Survey protocols define how the survey will be implemented. They play an important role in ensuring high quality, consistently collected data. This page outlines five key survey protocols and provides insight on how to define these protocols.
- Survey protocols should be tested during the survey pilot, shared with the survey firm or implementing agency, recorded in the enumerator manual, and taught to all field staff.
- Important survey protocols include respondent selection, number of revisits, tracking, drops, and replacements. Depending on your project, you may need to establish additional protocols.
Survey Protocols define how the survey will be implemented. Clear protocols ensure that fieldwork is carried out consistently across teams and/or regions, and are important for reproducible research.
All protocols should be piloted in the survey pilot; shared with the survey firm or implementing agency early in the process; recorded in the enumerator manual; and taught to all field staff as part of the enumerator training.
It is important that surveyors know who is the target respondent for the interview and, in the case that the target respondent is not available, who, if anyone, is an adequate substitute. For example, for an agricultural survey, the target respondent is the household member who is primarily responsible for making decisions about the household farm (typically the household head). If the target respondent is not available and will not be available during the survey period, an acceptable alternate respondent may be an adult household member who is very familiar with the household farm.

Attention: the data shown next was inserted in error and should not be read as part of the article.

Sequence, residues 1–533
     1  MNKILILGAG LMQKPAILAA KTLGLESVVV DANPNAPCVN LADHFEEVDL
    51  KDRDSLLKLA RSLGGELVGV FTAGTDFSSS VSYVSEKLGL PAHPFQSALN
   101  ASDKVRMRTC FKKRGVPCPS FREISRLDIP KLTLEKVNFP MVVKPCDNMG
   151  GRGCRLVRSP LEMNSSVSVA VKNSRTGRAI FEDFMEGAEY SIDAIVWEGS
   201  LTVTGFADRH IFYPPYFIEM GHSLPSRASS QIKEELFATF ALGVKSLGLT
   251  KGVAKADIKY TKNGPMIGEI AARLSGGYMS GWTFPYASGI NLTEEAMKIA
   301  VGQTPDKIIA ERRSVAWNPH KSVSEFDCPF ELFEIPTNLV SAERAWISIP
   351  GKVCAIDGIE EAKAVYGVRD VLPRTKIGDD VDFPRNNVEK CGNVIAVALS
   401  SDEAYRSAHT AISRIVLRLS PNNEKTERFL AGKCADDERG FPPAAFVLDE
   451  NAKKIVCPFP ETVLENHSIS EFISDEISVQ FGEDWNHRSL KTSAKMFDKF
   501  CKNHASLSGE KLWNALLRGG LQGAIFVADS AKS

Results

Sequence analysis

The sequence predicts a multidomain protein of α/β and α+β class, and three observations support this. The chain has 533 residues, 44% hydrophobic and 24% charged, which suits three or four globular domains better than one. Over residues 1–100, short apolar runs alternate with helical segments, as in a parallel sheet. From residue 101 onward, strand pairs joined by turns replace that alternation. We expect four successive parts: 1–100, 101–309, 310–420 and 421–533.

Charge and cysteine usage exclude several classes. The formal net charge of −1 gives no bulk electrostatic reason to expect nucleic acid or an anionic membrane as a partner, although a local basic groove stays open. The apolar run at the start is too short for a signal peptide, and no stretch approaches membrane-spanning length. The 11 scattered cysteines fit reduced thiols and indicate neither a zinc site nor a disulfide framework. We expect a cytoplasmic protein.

Number of Revisits
It is important to set a protocol for how many times a sampling unit will be revisited before being dropped. This is relevant for cases in which a respondent is unavailable, temporarily away, or sick.
If a primary sampling unit has moved from the original or anticipated location, identify whether survey teams should track them down. Tracking can be very costly, so this protocol will depend on resources. It will also depend on the extent to which maintaining the original sample is important and whether or not migration itself is an important outcome. For example, tracking will a higher priority for a follow-up survey measuring the impact of a vocational training program on employment outcomes for at-risk youth than it would be for a follow-up survey measuring the impact of village-level infrastructure (e.g. a water pump).
Primary sampling units may have to be dropped if the sampled household has moved out of the study area, does not consent to the interview, or is unreachable.
It is essential that field teams report which sampling units were dropped and why. A good questionnaire design will allow field teams to easily record and relay this information. It is best practice to double-check this as part of a survey audit, and to watch for discrepancies across field teams with regards to frequency of drops.
If a primary sampling unit is dropped, identify whether or not it will be replaced. This will depend on the sampling frame and type of survey. Typically, replacement is more common at baseline surveys and less common for follow-up (panel) surveys.
If replacements are to be made, generate a list of replacements using the same strategy as the original sample, and provide that to the field teams at the start of data collection.
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